The Royal Court will showcase the skills of theatre’s youngest writers this summer with Primetime, a new production made up of nine short plays written by pupils from London primary schools.
Cementing the Royal Court’s reputation for discovering the talents of young writers, Primetime’s talented playwrights are aged between eight and 11-years-old. Audiences will be able to see their work performed in the Jerwood Theatre Upstairs from 28 May to 31 May before the show heads off on tour to 15 primary schools across London.
Created during the venue’s Royal Court’s Young Writers Festival and Peckham Young Playwrights projects in 2012 and directed by Ned Bennett, the short offerings boast intriguing titles ranging from Bad Guy Rope to Emperor’s New Fudge.
Audiences should expect to be taken on a whirlwind of crazy adventures with Primetime’s line-up of captivating characters, including a talking sausage roll, a troop of cocktail-loving monkeys and a long-nosed hippo called Gary (of course).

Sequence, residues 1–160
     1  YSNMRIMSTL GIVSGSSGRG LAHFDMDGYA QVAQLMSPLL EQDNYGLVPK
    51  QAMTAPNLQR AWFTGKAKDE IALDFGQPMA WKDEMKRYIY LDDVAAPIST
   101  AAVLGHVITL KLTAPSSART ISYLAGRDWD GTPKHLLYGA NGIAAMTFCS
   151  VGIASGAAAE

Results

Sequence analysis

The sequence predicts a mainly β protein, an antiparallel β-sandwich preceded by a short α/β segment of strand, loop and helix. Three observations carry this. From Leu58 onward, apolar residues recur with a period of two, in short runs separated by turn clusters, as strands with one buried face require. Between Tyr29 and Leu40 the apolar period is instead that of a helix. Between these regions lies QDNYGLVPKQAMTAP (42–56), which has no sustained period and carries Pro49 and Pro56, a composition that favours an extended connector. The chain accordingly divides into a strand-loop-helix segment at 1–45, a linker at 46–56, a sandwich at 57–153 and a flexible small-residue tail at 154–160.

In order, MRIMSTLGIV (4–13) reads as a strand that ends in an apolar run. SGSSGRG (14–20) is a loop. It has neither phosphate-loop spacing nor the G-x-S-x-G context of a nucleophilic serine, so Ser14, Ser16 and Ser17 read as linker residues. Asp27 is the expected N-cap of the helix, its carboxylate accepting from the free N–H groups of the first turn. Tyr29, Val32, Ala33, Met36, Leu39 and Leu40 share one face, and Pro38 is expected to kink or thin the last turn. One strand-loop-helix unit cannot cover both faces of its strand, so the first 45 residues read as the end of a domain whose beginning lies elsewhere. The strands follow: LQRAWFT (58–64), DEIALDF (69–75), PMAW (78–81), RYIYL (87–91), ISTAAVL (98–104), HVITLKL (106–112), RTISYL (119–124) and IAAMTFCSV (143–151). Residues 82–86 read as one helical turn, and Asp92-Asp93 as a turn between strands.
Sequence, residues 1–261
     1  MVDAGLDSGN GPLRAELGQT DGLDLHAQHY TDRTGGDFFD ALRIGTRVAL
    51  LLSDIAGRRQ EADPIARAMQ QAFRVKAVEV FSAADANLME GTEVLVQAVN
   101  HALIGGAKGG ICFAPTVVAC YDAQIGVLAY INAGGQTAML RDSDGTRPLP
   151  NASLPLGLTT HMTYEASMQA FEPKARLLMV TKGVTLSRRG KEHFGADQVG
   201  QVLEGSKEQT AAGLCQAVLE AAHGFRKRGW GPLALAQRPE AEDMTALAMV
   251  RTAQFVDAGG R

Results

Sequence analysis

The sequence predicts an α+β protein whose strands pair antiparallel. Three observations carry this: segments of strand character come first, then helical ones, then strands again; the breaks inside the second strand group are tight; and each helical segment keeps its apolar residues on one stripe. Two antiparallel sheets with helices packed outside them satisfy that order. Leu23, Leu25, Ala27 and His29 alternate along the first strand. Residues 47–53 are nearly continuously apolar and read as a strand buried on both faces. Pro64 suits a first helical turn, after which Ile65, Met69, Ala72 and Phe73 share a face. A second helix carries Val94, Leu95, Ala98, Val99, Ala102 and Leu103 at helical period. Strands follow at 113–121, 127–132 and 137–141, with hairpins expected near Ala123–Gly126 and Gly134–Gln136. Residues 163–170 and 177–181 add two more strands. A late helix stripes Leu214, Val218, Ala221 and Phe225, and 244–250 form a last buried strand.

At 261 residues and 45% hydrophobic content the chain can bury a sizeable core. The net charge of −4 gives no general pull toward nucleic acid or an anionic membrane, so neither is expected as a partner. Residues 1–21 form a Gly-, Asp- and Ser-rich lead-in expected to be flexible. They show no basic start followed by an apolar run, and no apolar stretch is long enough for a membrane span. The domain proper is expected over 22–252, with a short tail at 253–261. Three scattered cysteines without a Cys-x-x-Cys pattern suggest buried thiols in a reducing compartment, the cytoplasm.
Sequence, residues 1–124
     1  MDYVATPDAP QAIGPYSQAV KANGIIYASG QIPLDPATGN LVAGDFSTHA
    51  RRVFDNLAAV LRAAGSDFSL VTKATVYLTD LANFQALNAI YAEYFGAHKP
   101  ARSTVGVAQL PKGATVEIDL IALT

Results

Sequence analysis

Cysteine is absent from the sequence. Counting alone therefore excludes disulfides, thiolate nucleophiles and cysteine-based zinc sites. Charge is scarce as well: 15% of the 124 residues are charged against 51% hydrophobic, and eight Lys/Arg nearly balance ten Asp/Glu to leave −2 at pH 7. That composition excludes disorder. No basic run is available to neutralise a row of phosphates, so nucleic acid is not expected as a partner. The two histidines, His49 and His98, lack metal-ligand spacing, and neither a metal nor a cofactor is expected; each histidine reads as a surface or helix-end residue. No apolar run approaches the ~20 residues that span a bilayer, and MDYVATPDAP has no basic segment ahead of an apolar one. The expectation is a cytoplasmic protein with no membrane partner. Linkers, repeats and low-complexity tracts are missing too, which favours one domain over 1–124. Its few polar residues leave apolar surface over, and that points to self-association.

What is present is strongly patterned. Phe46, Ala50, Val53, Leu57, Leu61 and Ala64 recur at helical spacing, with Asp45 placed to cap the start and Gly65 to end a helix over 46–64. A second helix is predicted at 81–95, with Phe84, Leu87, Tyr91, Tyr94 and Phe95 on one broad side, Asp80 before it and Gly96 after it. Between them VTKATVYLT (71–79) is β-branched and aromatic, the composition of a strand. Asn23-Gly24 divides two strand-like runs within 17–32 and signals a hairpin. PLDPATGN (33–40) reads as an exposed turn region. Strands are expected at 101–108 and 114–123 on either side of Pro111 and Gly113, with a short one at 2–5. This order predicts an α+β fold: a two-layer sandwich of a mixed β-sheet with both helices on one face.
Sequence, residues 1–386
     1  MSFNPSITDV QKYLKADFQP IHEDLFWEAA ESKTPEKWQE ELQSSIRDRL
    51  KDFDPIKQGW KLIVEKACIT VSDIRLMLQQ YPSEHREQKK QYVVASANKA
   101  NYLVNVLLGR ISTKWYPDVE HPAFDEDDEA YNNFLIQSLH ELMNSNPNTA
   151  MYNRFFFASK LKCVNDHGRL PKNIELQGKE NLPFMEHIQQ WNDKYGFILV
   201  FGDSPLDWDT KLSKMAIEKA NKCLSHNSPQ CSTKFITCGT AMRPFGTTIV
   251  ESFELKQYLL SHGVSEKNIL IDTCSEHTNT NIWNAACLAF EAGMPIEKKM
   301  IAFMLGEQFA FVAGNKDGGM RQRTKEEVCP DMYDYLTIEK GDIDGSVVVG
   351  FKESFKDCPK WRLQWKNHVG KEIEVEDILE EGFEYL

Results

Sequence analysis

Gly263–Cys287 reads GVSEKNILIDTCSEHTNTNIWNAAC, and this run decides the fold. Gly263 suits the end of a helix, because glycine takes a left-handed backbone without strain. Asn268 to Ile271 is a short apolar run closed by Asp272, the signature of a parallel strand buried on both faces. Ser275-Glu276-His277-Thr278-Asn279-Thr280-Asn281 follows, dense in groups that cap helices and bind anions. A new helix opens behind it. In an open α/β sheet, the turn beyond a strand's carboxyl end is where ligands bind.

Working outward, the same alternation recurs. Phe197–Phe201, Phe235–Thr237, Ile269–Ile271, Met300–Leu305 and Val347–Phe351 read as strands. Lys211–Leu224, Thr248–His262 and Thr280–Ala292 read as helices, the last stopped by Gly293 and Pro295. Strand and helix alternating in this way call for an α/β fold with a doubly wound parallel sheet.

Speaking about the tour, Vicky Featherstone, Artistic Director of the Royal Court, commented: “This tour is one of the most important things the Royal Court can do. To encourage young writers, to produce their work professionally, to captivate audiences with these imaginative and fearless plays will endlessly inspire and ensure that the future of theatre is safe in their hands.”
Children will be given the chance to try their hand at the art form with two free family writing sessions taking place during its run at the Royal Court and a programme of workshops during its subsequent tour. London primary schools can also enquire about booking a free performance of the production at their school by emailing email@example.com
The full line-up of playwrights who will be contributing their short pieces to Primetown comprises Temidayo Abayomi-Joseph, Jose-Luis Aquino-Mejia Naseem Charrat, Ruby David-Pimlott, Anya Davies, Lucas Ferrar, Jack Franco, Joseph Burke-Gaffney and Isabelle Kennedy-Grimes.
" “This tour is one of the most important things the Royal Court can do."